Female specific pathogen-free (SPF) C57BL/6N mice at 5 weeks of age (16–20 g) were supplied by Vital River Laboratory Animal Technology Ltd. (Beijing, China) and maintained under SPF conditions at the Central Animal Services of Medical Biology of the Chinese Academy of Medical Sciences, Peking Union Medical College. The animals were randomly divided into 10 groups with 8 mice in each group (N = 8). The mice were immunized intramuscularly in the thigh muscle three times with 50 μL of immunogen at 2-week intervals. Blood samples (via heart puncture) and spleens were collected 2 weeks after the final immunization. After clotting at 4 ℃ overnight, serum was collected after centrifugation at 3000 rpm for 10 min.
gE (2 μg/mL) was coated on 96-well plates (Corning, USA) at 4 ℃ overnight. After blocking with 5% (w/v) skim milk at 37 ℃ for 1 h, the plates were incubated with serial dilutions of mouse sera at 37 ℃ for 1 h. Bound antibodies were detected with goat-anti-mouse IgG-HRP (horseradish peroxidase) conjugate (1:5000, Bio-Rad, 5178-2504) as a secondary antibody. Ten minutes after the addition of the substrate 3, 3', 5, 5'-tetramethylbenzidine (TMB, BD, 555214), 1 mol/L phosphoric acid was added to terminate the reaction. Absorbance at 450 nm was detected with a spectrophotometer (BioTek, USA).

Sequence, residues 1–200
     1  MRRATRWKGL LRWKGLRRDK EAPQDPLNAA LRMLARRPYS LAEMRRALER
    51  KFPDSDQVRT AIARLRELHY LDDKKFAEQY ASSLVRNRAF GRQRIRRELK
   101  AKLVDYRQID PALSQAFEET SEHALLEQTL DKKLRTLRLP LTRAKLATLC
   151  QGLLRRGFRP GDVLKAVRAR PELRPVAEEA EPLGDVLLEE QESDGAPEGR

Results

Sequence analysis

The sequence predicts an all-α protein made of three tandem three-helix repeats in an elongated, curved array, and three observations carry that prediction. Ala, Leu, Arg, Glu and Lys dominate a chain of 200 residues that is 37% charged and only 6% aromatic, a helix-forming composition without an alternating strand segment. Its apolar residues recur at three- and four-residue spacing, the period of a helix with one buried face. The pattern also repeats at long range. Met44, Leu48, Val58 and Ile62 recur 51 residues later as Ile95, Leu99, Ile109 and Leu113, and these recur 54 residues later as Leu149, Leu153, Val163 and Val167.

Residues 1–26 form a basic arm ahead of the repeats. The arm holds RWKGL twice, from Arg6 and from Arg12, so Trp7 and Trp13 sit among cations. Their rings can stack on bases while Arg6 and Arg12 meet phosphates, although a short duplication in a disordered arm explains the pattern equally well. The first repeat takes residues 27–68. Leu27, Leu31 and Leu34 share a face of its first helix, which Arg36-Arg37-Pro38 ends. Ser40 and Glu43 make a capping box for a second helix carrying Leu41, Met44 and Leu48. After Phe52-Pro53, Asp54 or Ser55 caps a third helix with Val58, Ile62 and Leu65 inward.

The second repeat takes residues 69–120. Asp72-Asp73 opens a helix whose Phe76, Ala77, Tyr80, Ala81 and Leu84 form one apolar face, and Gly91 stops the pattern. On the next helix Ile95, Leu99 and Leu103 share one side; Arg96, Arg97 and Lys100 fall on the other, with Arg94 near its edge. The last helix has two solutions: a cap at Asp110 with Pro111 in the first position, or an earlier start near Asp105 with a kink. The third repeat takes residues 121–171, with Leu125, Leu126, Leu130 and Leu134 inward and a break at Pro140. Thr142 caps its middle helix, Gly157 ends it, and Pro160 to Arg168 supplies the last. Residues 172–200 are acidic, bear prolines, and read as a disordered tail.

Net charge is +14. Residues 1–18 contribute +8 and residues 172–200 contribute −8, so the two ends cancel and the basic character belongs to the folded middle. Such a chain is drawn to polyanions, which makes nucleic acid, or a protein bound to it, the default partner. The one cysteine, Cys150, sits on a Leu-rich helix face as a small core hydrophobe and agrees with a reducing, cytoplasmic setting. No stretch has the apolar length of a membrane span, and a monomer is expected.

Spleens were dispersed with a 70 μm cell strainer (BD, USA), and splenocytes were separated with a Ficoll-Isopaque density gradient centrifugation kit (Multi Sciences, 70-LSM01). After calculation, splenocytes were suspended in Roswell Park Memorial Institute (RPMI) 1640 medium (Thermo Fisher, 61870127) with 10% v/v fetal bovine serum (FBS, Biological Industries, 04-001-1ACS) and penicillin-streptomycin (Thermo Fisher, 15140122) at a final concentration of 1 × 107 cell/mL. Then, 100 μL of cells was added into each well of a 96-well plate (Corning, USA) for further analysis.